Side note: I can sort of understand the wooing for the elite runners. These people are f'ing inspirational. They are sprinting 13 miles faster than I can run to the corner, and they make it look easy. I slow clapped as they lapped me.

7. Mile 5: The sun is shining and I can see my braid in my shadow. I'm m-f'ing Katniss Everdeen running through the arena to save my true love Peeta Melark. No seriously, this is what's going through my head and it's making me run faster.

8. Mile 6: Two things happen here. First, my boss laps me on her way to the finish line (I told my boss about this race and she signed up). If ever there were an appropriate metaphor for sport and career, this is it. Ambitious career boss lady is trotting along at 7 minutes per mile, and work-life balance master Biscuit is fat-kid shuffling along 45 minutes behind her. 

The other thing that happens is I see the greatest cheerleader of all time. A man, apparently on his own as I see no entourage with him, is stationed on the side of the path, shirtless, in rollerskates, short shorts, sunglasses, and natural afro with a sign over his head that says on one side, "you're the sh*t," and on the other, "you sexy baby." He's dancing to his boom box. This is the greatest thing I have ever seen and I consider stopping to ask him if he wants to be friends. The best part is, I get to pass him twice since he's stationed before the turn around.

9. Mile 11: I'm tired and I'm not having as many funny thoughts. That is, until I encounter another great cheerleader. I will call him the literal cheerleader, because he was deadpan delivering encouragement, a la Ben Stein, such as: "you are doing a very good job. 11 miles, that is very impressive. You have run very far, good for you." I also love him and want to be his friend.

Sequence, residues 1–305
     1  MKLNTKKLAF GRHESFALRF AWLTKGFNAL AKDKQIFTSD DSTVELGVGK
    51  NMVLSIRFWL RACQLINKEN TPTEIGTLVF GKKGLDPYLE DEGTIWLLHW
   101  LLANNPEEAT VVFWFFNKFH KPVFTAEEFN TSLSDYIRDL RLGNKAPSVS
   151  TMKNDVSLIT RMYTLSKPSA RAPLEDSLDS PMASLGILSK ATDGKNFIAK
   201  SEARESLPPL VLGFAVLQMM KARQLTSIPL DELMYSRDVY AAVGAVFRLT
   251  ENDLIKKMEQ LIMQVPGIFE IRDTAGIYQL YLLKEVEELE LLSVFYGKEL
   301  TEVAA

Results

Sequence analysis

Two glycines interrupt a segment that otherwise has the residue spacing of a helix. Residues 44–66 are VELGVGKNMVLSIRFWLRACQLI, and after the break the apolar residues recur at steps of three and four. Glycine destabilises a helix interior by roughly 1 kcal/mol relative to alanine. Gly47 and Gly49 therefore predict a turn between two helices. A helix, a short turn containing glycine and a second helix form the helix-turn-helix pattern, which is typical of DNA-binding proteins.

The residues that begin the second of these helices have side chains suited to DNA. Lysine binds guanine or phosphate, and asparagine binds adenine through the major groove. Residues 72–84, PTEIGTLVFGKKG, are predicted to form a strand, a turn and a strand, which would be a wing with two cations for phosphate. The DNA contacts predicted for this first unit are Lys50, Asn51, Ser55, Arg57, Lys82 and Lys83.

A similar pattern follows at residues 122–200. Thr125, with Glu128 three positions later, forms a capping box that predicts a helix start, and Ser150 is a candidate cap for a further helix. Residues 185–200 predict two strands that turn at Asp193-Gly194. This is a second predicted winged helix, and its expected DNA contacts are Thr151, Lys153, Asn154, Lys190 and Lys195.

10. Mile 13: I finish strong (as you can see, the calibration on ipod is a little off), if slowly. That little up-tick at the end is the part where I sprinted past two ladies in the last 200 feet. I figured, why not beat 2 more people? They probably started in the corral after me, and this sprinting is pointless. I have tortoised the shit out this race. I get my snacks from the food tent and chug two free Michelob Ultras from the beer tent. This is the best race ever.

Stars: I think the secret to my not dying/not puking after this race was my frequent and consistent snack times along the course. I carried two Gu packets with me (espresso love of course) and picked up two at the aid station at mile 8. So yes,  I inhaled about 400 calories along the way, probably completely negating any positive impact of running 13 miles. Well, it was the gu + the post race cheese fries that sealed that deal.

Post Race: Return to the hotel room and discover that I have developed the greatest sweat pattern of my life. Nothing on my front, but turn around and BOOM! Legendary armpit and back sweat. Running is such a sexy sport.  Then I go and eat some cheese fries.
Yes, I made my BF take a picture of my back/pit sweat.